Where can consumers turn in times of financial distress?
Tthe latest economic news has Americans getting poorer. In fact, recent reports are indicating that two-thirds of Americans are living paycheck-to-paycheck. Further, it’s not just those living near the poverty level who are struggling. Fortune.com referenced a new report issued by LendingClub that revealed more than one-third of paycheck-to-paycheck consumers in the U.S. earn at least $250,000. Certainly, inflation is affecting how Americans of all income levels handle their budgets.
The reality is many North Dakota and South Dakota consumers, including credit union members, are struggling today. Where can they turn when their financial situations hit rough waters? Should they keep swimming and hope for the best? Or, should they seek some guidance on how to stay afloat – and perhaps even safely reach the shores of financial well-being?
Nearly two years ago, the National Credit Union Foundation started leading credit unions across the country toward a mission they dubbed “Financial Well-Being for All.” What does that mean? Financial well-being for all is about motivating and supporting individuals to make sound financial decisions. Financial wellness is at the heart of credit unions’ mission within their communities and deeply embedded into their structure; they want to help members achieve their financial dreams.
Credit unions also have a long history of helping consumers through difficult times. From their founding days in the United States in the early 1900s, credit unions have thrived under the motto “Not for profit, not for charity, but for service.” During the recent pandemic, credit unions did so much to help both consumers and small businesses that they became known as “financial first responders” by many in the trades.
What exactly can a local credit union offer to help their members feel financially secure about their future? Let’s start with the average savings a family realizes just by being a member. According to the most recent 2021 Annual Membership Benefits Report published by the Credit Union National Association, credit unions provided $12,557,606,745 in direct financial benefits to the nation’s 127,848,853 members during the 12 months ending December 2021. These benefits are equivalent to $98 per member or $206 per member household. In the Dakotas, those savings are even greater: North Dakota’s credit union members save an average of $118 per year, or $249 per household; South Dakota’s members save $144 per year, or $302 per household.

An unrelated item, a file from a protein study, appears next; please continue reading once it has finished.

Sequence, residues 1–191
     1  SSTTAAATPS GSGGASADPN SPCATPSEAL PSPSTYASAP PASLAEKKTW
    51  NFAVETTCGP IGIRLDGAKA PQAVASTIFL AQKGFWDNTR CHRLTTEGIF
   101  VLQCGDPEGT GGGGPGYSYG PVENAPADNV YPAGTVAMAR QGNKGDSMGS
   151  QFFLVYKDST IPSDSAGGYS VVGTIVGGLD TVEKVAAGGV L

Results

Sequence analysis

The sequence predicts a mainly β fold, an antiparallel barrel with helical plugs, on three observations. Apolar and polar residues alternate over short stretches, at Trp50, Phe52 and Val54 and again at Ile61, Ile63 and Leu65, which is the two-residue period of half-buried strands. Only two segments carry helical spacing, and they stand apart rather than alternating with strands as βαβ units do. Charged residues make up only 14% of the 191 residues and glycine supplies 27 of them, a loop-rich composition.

While that is a good start, credit unions offer so much more. Many have certified Credit Union Financial Counselors (CCUFC) on staff and offer counseling with no fees for members. These trained individuals are professionally prepared to help members who are experiencing financial difficulties. The Dakota Credit Union Foundation recently authorized a grant expenditure for local credit unions seeking to add a financial education component or a CCUFC to their staff.
In addition, many credit unions will offer “Skip-A-Payment” programs for a minimal fee (often the fees are donated to a charity) so members can meet unexpected expenses and not damage their credit scores with missed payments. Other options for members in good standing can include loan modifications, budgeting assistance, not to mention lower interest rates on loans and lower fees on many services.
Most importantly, whether a consumer is working with a local credit union, a small community bank, or even a large financial institution, it is crucial to be proactive with your financial situation. If you are swimming upstream against a strong financial current and feel like you need some assistance, reach out to your financial services provider(s) as soon as possible to discuss your unique situation. They may offer a financial “life preserver,” but at the very least, just like a lighthouse guides the ship, they should be able to point you towards safer waters.